One in five childhood deaths in England and Wales still due to infection

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Among developed nations, the UK has one of the highest death rates among children at approximately 18/100,000 children per year. Much of this is due to childhood infection.

A new study published in the journal Archives of Diseases of Childhood in March 2020 reveals that despite a drop to less than half, compared to 25 years ago, infection is still a cause of significant mortality among children. The most common cause of infection-related deaths in this age group is respiratory infections.

Previous research by the same authors showed that a fifth of childhood deaths from 2003 to 2005 was due to infections – the "largest single cause of death in children dying of an acute physical illness," according to the Confidential Enquiry into Maternal and Child Health report at the time.

In a later 2014 report by the Royal College of Paediatrics and Child Health (RCPCH), the rate has apparently come down to 9% in children below the age of 4 years, and 4% to 7% in children above this age. This is probably the result of including only deaths caused primarily by infection, however, and not an actual reduction.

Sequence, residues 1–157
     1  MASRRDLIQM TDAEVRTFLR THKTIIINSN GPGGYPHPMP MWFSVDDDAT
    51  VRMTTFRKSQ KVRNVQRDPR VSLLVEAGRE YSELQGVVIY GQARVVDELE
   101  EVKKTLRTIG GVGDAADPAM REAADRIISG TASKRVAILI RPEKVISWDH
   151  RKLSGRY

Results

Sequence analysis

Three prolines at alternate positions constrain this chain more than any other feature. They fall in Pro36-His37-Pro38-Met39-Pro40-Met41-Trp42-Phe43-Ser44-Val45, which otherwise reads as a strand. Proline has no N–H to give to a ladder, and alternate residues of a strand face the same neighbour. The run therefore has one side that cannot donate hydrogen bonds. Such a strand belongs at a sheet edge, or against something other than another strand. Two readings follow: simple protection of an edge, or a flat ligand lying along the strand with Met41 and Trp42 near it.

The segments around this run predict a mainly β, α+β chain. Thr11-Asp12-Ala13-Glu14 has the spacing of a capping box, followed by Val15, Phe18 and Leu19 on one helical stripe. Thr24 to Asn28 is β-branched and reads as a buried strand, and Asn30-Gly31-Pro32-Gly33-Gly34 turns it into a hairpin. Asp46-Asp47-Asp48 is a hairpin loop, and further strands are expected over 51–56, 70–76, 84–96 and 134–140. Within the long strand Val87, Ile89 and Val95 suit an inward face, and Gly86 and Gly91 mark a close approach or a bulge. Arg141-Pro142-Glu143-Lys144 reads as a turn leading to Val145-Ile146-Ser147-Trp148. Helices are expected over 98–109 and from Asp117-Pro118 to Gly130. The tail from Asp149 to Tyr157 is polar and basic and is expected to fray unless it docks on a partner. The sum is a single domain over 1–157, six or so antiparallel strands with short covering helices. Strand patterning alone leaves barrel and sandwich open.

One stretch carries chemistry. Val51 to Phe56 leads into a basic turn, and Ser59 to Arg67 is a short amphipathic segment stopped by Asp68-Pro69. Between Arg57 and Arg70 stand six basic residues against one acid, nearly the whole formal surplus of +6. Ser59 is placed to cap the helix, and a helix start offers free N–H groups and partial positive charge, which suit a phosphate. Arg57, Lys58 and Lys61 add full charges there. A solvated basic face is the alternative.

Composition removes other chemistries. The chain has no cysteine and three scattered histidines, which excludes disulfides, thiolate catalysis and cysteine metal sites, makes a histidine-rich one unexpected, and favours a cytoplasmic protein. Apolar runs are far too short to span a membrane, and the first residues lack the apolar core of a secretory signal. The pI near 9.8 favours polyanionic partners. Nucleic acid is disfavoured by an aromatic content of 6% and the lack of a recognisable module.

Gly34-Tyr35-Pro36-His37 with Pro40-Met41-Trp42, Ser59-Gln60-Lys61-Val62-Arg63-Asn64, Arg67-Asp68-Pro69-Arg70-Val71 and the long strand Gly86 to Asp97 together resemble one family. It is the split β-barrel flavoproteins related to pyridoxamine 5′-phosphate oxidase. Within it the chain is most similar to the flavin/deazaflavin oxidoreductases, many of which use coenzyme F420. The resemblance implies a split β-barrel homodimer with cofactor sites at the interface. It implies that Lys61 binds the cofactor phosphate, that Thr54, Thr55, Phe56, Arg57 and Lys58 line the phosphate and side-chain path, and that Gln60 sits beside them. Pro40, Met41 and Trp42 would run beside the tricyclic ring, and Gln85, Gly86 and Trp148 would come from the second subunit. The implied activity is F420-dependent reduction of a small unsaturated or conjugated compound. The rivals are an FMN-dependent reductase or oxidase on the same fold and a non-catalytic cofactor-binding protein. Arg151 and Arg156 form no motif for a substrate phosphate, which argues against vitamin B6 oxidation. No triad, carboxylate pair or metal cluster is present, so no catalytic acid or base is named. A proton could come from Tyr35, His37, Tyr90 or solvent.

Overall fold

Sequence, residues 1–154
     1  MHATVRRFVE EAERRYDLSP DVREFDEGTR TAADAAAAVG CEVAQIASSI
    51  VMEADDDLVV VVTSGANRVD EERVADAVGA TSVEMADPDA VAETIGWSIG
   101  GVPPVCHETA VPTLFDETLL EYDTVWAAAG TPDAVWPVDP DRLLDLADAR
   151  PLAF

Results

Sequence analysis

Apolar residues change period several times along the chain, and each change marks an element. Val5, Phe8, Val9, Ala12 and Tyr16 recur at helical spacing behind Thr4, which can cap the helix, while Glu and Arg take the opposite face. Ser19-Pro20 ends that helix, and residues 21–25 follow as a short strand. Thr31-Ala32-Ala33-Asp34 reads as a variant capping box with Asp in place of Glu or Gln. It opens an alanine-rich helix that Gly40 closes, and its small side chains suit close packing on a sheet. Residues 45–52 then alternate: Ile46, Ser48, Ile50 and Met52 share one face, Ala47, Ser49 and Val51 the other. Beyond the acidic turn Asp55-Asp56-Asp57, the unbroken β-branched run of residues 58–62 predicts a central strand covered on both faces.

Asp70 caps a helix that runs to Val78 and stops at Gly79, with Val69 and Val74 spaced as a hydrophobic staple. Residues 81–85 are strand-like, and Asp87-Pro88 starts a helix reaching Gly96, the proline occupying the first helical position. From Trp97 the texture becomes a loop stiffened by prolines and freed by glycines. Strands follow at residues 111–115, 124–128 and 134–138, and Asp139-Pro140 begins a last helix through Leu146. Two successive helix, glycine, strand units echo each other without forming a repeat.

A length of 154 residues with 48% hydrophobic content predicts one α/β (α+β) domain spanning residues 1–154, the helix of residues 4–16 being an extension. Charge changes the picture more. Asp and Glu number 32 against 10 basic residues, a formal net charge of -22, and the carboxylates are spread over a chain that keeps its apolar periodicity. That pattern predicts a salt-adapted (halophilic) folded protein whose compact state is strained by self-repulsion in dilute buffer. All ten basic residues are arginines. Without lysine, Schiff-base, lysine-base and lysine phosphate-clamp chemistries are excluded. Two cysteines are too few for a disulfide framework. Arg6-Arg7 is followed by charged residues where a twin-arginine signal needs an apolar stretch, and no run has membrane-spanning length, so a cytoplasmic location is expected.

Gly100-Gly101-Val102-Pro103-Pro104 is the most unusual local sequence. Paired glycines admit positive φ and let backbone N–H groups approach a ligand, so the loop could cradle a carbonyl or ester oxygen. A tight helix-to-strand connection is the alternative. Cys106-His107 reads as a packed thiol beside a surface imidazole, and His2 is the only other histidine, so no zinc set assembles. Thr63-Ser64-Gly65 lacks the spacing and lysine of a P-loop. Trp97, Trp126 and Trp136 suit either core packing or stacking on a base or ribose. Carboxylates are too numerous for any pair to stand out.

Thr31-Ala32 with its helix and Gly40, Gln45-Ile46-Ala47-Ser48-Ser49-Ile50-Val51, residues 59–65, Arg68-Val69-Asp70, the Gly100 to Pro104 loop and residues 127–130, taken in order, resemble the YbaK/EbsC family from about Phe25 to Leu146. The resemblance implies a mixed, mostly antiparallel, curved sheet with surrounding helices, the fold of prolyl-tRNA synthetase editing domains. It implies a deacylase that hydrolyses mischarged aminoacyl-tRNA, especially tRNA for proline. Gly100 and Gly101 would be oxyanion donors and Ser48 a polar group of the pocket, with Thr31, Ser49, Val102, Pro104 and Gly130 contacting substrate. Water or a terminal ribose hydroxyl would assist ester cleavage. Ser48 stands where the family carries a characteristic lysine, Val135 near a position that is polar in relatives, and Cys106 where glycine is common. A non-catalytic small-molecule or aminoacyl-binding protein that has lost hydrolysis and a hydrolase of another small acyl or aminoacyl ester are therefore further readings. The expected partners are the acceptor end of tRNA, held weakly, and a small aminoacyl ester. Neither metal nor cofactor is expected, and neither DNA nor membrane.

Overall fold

Image Credit: Sukanya Sitthikongsak / Shutterstock
Image Credit: Sukanya Sitthikongsak / Shutterstock

The study

The current study was motivated by the need to find out if things had changed since their last analysis in 2003-05. The researchers used electronic death registration records in England and Wales during 2013 to 2015 for children aged 28 days to 15 years. Any death certificate on which infection was mentioned was counted as indicating an infection-related death. Any existing illnesses apart from infection were separately noted. If the focus of infection was mentioned, the death was so categorized, and systemic infection was recorded for other deaths where the infection was recorded but not the focus of infection.